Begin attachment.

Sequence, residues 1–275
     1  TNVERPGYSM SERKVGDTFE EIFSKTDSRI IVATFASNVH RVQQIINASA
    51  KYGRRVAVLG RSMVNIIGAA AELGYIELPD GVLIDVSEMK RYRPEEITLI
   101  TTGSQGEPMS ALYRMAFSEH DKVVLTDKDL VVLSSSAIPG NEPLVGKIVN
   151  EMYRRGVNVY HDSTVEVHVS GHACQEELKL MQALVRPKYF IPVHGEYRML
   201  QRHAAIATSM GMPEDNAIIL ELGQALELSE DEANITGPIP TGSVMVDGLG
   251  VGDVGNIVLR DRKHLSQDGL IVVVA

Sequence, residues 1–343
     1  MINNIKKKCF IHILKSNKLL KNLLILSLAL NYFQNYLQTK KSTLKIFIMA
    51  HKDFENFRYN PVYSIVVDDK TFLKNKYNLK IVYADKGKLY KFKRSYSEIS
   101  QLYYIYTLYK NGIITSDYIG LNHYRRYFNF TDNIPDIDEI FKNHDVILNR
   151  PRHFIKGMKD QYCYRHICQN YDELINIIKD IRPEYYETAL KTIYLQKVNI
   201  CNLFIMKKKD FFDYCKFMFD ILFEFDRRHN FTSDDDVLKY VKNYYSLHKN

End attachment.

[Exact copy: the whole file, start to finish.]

Sequence, residues 1–275
     1  TNVERPGYSM SERKVGDTFE EIFSKTDSRI IVATFASNVH RVQQIINASA
    51  KYGRRVAVLG RSMVNIIGAA AELGYIELPD GVLIDVSEMK RYRPEEITLI
   101  TTGSQGEPMS ALYRMAFSEH DKVVLTDKDL VVLSSSAIPG NEPLVGKIVN
   151  EMYRRGVNVY HDSTVEVHVS GHACQEELKL MQALVRPKYF IPVHGEYRML
   201  QRHAAIATSM GMPEDNAIIL ELGQALELSE DEANITGPIP TGSVMVDGLG
   251  VGDVGNIVLR DRKHLSQDGL IVVVA

Sequence, residues 1–343
     1  MINNIKKKCF IHILKSNKLL KNLLILSLAL NYFQNYLQTK KSTLKIFIMA
    51  HKDFENFRYN PVYSIVVDDK TFLKNKYNLK IVYADKGKLY KFKRSYSEIS
   101  QLYYIYTLYK NGIITSDYIG LNHYRRYFNF TDNIPDIDEI FKNHDVILNR
   151  PRHFIKGMKD QYCYRHICQN YDELINIIKD IRPEYYETAL KTIYLQKVNI
   201  CNLFIMKKKD FFDYCKFMFD ILFEFDRRHN FTSDDDVLKY VKNYYSLHKN